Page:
Queen’s graduate students experiencing food insecurity lack options

One of three produce and dairy section at Bearance’s Grocery, located on Union Street on the edge of Queen’s University Campus. Kingstonist file photo.

Being a graduate student at a Canadian university can be challenging. Not only are graduate students focused on their own research and school work, but they often have additional tasks like securing grants and other funding. Many graduate students at Queen’s University also work as Teaching Assistants (TAs) to make enough money to continue in their programs.

On top of these challenges, a number of graduate students have an additional concern that can distract them from their ability to focus on their studies and work: food insecurity. With sky-high food prices and other economic conditions making it harder for most Canadians to afford groceries, graduate students at Queen’s University have been reporting increased levels of food insecurity over the past few years. 

In January of 2023, The Public Service Alliance of Canada (PSAC) Local 901, the union representing graduate student workers at Queen’s, established the Emergency Food Support Program, which gave gift cards to students in need to help them afford necessary grocery items. According to Justyna Szewczyk-El Jassem, President of PSAC Local 901, the initiative came about after the union heard many of its members were experiencing “extreme financial distress.” 

Szewczyk-El Jassem explained, “[We], the executive of the union,… are graduate student workers, so we know how bad it is for us, but [we also started] realizing this is a collective issue. It’s not just about us having individual problems, but this is a collective problem. So we started talking about how we could remedy that.”

While the program was in place, the union distribute $75 grocery cards each week to eligible students — a very popular and high-demand initiative. In total, PSAC901 provided $80,000 in gift cards to graduate students from January to November. 

After the program was initially suspended in May following its first iteration, PSAC 901 brought the initiative back this past October.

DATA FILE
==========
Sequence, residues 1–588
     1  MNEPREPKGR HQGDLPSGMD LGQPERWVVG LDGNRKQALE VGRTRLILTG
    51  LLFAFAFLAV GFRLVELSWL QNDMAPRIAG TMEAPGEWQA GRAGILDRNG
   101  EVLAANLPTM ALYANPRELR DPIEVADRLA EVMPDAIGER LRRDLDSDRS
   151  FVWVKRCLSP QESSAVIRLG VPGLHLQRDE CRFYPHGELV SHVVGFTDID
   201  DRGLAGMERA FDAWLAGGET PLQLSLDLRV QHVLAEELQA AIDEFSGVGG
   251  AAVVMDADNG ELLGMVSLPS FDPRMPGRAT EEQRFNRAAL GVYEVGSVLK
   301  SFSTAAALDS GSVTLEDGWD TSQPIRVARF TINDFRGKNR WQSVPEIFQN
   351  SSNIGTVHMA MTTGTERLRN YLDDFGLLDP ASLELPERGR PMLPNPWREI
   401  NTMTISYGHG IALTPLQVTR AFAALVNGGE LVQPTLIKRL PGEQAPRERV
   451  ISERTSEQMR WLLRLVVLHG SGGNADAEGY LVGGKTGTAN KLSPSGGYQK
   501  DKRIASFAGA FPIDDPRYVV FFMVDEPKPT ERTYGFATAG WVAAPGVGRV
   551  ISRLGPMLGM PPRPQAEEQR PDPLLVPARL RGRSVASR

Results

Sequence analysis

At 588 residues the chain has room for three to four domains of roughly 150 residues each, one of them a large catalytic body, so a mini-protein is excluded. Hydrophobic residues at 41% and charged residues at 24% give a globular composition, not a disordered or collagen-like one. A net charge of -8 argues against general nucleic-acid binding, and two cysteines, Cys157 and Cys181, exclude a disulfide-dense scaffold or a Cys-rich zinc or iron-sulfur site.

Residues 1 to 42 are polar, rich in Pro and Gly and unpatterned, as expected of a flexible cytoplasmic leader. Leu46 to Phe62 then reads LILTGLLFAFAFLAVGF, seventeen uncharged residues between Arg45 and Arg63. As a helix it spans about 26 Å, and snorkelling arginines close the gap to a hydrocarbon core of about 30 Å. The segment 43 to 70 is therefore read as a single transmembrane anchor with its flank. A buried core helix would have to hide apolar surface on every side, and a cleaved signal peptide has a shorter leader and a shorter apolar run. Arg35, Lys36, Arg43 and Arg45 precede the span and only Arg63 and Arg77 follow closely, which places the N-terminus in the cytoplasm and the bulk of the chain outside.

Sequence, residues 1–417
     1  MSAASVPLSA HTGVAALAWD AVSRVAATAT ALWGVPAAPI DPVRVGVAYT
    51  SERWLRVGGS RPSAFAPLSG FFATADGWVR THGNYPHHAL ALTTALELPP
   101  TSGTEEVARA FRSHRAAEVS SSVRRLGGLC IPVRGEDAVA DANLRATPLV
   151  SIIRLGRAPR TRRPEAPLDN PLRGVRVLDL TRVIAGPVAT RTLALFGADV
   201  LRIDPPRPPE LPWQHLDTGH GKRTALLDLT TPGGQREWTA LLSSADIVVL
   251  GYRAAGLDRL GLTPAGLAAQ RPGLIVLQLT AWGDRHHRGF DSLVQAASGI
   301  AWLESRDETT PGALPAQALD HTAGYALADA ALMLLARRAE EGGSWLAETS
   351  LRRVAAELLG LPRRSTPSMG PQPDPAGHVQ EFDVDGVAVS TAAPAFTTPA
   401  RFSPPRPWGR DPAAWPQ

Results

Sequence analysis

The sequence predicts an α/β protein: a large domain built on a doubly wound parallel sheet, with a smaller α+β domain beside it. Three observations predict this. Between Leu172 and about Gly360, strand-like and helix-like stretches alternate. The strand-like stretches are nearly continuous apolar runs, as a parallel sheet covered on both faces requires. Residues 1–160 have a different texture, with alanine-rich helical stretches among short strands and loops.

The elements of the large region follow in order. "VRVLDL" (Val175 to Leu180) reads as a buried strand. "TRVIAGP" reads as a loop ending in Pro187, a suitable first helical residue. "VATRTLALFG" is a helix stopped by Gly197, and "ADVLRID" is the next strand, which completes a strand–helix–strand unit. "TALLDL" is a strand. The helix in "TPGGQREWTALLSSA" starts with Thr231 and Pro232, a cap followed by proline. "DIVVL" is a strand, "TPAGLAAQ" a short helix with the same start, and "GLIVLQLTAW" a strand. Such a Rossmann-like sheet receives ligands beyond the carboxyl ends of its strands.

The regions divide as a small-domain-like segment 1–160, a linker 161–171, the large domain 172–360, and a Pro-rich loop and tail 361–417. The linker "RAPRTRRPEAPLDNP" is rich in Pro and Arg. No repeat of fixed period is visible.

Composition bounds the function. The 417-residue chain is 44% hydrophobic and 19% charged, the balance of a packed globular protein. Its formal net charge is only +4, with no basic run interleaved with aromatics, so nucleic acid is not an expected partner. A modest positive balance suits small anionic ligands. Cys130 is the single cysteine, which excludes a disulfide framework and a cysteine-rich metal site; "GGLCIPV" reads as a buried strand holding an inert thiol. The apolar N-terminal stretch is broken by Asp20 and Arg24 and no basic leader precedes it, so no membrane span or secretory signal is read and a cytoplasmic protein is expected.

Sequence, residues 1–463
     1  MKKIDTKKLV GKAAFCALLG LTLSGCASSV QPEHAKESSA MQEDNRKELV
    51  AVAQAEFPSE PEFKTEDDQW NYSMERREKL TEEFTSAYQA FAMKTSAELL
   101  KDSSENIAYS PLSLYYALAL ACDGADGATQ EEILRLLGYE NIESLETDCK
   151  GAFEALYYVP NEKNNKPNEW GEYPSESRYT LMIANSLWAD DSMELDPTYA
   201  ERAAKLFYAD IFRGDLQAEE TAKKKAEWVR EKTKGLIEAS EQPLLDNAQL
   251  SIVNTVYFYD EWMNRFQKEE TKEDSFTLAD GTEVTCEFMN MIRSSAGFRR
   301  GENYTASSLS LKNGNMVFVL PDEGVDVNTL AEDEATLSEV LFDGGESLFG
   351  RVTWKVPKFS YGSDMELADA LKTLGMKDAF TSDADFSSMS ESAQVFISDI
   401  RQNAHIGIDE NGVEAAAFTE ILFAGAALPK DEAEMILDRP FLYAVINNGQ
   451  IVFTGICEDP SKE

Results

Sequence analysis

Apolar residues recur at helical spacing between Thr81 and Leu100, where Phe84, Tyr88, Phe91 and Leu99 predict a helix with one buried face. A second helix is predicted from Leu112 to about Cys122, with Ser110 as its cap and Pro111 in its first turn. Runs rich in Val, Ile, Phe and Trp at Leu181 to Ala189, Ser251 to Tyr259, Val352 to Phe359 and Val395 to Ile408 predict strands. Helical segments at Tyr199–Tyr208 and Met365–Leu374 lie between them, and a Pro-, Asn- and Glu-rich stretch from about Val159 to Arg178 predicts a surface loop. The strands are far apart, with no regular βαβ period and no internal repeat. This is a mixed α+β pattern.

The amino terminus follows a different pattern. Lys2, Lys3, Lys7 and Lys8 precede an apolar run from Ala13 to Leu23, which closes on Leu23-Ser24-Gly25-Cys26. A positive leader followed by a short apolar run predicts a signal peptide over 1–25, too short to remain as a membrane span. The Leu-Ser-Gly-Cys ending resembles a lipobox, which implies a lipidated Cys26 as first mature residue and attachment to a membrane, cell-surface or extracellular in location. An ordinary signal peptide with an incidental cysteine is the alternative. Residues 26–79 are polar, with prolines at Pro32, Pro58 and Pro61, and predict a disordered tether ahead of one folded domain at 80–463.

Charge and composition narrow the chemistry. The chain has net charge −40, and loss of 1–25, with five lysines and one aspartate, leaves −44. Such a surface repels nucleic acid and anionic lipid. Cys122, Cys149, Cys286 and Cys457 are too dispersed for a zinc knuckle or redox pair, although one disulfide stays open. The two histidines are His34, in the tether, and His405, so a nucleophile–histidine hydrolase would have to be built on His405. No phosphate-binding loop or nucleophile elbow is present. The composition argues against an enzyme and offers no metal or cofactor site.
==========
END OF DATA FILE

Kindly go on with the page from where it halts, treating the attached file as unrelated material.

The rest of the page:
In total, more than 800 applications were received from students looking to take advantage of the fund, with additional support available to those with dependents. The program was supported in part by significant donations from the Queen’s University Faculty Association (QUFA) members. PSAC Local 901 was also able to redistribute various budget resources toward the Emergency Food Support Program. 

“We had a hardship fund bursary that we decided to reallocate towards food insecurity, as this is such a widespread problem… We managed to run it until the end of November… after spending over $80,000,” Szewczyk-El Jassem said. “It’s not even the beginning of what needs to be done, to be really, really honest.” 

While the program was successful in terms of providing tens of thousands of dollars to students in need, the union eventually ran out of money and had to suspend the fund entirely. Szewczyk-El Jassem confirmed the program is unlikely to return in 2024, as the resources PSAC 901 directed to the project have now been depleted. 

In a statement to members issued last week, the union’s executive wrote, “The demand for assistance has far surpassed our available financial capacity, and we find ourselves unable to sustain support for our food-insecure members and their dependents.”

While Szewczyk-El Jassem is pleased the union was able to step up for its members in times of need, she said it shouldn’t be the responsibility of a union to provide food support for its members.

“This is not the job of a labour union: to be feeding members. This is the job of the employer, Queen’s University. The university, as an educational institution, has a responsibility to [ensure] students do not go hungry,” the union president said.

After PSAC Local 901 was forced to suspend the fund, the Society of Graduate and Professional Studies (SGPS), the official student organization representing Queen’s University’s graduate students, stepped up to launch a similar initiative of its own. Unfortunately, the SGPS was forced to suspend its Food Insecurity Relief Program after just 24 hours, due to “overwhelming demand” from applicants. During its first day, the SGPS program received 258 applications.